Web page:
PRESS RELEASE: Austin Invasive Plant Control & Floodplain Forest Program Community Stewardship Day

10 25 2018

Austin Invasive Plant Control and Floodplain Forest Program Community Stewardship Day
Saturday October 27

All Valley residents concerned about invasive species are encouraged to join the effort to remove invasive plants and restore a native floodplain forest through active stewardship on the Town of Waitsfield’s Austin Parcel.
The Waitsfield Conservation Commission (WCC), consistent with its Invasive Plant Control Program, announces a Community Stewardship Day on Saturday, October 27 from 9 to 3 pm. The Community Stewardship Day represents an opportunity for the local community to both learn about invasives control on the town owned Austin parcel as well as lend a hand stewarding this important floodplain.

Earlier this year, the Commission contracted with Intervale Conservation Nursery (ICN) and its partners, the Mad River Path Association (Path Association) and Friends of the Mad River (FMR), not only to implement invasive plant control measures but also to begin the process of re-establishing a healthy and functioning floodplain forest of native species on the five-acre Austin parcel. The Commission hopes this demonstration program will provide learning opportunities for the community and professionals with regards to invasive plant management and riparian restoration while at the same time deploying effective control measures.

On the morning of the 27th, participants in the Community Stewardship Day will learn about techniques for management of Japanese knotweed, honeysuckle, buckthorn, and other invasive species from ICN and the Path Association. In the afternoon, participants will work with ICN and FMR to learn about floodplain forest restoration and help plant native tree species.

“This is an important opportunity to show what the Conservation Commission has started this summer and will continue next year,” according to Commission Chairman Phil Huffman. “It also will be an opportunity for landowners, concerned citizens and land conservationists to learn more about how to deal with these typical invasive species and to restore Valley riverside lands to a more natural and native condition. And it’s a chance for folks to roll up their sleeves, help out, and have some fun in the process!”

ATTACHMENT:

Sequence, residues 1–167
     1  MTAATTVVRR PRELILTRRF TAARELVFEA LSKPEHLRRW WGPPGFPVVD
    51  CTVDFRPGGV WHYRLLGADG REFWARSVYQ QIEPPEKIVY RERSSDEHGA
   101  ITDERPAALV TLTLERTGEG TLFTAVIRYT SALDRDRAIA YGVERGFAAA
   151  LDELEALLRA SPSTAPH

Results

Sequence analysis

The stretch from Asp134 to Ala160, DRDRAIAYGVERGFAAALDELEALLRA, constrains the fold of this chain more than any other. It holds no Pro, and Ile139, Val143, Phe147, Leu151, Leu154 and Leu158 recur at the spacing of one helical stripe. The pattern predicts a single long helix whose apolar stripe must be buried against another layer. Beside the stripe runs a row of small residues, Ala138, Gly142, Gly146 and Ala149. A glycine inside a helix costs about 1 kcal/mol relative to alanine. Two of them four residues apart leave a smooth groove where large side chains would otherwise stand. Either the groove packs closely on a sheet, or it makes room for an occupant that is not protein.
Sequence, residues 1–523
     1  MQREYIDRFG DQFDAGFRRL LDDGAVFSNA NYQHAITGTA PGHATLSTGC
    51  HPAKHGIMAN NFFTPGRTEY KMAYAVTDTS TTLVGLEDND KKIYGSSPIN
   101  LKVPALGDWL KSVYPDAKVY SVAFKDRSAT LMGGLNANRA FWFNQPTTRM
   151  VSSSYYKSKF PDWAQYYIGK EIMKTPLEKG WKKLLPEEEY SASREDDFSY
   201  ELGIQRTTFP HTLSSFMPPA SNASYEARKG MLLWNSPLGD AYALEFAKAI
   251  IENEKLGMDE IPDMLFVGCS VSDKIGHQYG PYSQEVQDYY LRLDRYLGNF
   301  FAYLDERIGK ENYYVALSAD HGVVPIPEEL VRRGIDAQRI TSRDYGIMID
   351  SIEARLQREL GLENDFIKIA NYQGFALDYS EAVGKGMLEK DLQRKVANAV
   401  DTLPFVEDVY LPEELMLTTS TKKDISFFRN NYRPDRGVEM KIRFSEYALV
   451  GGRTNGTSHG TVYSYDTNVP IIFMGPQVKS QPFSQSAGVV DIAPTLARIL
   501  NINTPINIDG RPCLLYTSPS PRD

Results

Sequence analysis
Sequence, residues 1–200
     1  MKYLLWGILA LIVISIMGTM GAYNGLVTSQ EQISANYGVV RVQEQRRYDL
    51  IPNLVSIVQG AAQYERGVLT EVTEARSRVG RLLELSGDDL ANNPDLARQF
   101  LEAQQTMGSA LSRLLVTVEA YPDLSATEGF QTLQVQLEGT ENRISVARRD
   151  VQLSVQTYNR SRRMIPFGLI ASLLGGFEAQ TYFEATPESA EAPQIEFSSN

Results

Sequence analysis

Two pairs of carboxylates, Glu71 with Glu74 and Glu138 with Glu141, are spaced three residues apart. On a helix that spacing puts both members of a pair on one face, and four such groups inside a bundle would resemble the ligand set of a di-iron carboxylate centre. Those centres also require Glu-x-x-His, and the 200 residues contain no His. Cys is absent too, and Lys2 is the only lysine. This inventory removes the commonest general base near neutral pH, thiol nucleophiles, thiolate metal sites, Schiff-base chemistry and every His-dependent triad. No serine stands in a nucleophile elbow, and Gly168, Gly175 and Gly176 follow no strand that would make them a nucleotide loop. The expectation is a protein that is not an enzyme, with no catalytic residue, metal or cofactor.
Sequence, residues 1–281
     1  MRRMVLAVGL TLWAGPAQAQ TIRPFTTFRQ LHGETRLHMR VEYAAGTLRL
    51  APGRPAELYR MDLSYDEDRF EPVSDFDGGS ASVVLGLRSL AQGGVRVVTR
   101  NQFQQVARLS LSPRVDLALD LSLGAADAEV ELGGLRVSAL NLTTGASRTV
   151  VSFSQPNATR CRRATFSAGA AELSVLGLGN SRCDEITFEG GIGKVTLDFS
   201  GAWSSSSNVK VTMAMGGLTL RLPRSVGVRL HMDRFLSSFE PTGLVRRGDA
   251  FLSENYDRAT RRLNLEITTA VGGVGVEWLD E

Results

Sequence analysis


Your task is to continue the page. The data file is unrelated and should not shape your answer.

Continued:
In the past 10-15 years, studies of the Austin Parcel by the Vermont Land Trust and Friends of the Mad River showed the rapid growth of invasive species, and noted its potential for a forest restoration focus. In keeping with the Town Plan and the Wu Ledges Forest Management Plan the WCC has initiated this demonstration project with input from the community.

The WCC Invasives Working Group, ICN, FMR, and the Path Association have worked together since the summer of 2017 to develop and implement a best-practice approach to invasives control. “We hope that people who objected to a chemical assisted methodology, many of whom attended public meetings last year, will come out for the Community Stewardship Day, both to learn and to actively participate in the project,” said Ned Farquhar of the Path Association.

“These problems are not unique to the Valley, but the Waitsfield Conservation Commission has a sensible, well designed project to address them, and to restore natural floodplain conditions,” stated Mike Ingalls of ICN. “This is a good model for a community effort toward best practices in the battle against invasive species and managing the land for conservation.”

Removal techniques including regular cutting (mowing and scything) of knotweed are coupled with composting and heating of the materials to prevent its rapid and uncontrolled regrowth. This past summer the team began that process at the Austin parcel and is now looking to begin implementing the tree planting element of the program. It is hoped, with good solid volunteer participation, hundreds more trees will be planted on Community Stewardship Day.

Participants are asked to carpool as parking at the Lareau swimming hole is limited. Join us for just the morning or afternoon session, or stay all day! Please bring a lunch, water, clothing and footwear appropriate for the weather, and hand tools that you might want to use for removing knotweed. You will also want to have good gardening or work gloves. The Community Stewarding Day will go on rain or shine, regardless of weather. Please feel free to call Mad River Path Association executive director Ned Farquhar at 222-1038 with any questions about the event.

For more information contact Phil Huffman, Waitsfield Conservation Commission Chair Or Mark Haberle, Waitsfield Conservation Commission Austin Invasives Working Group

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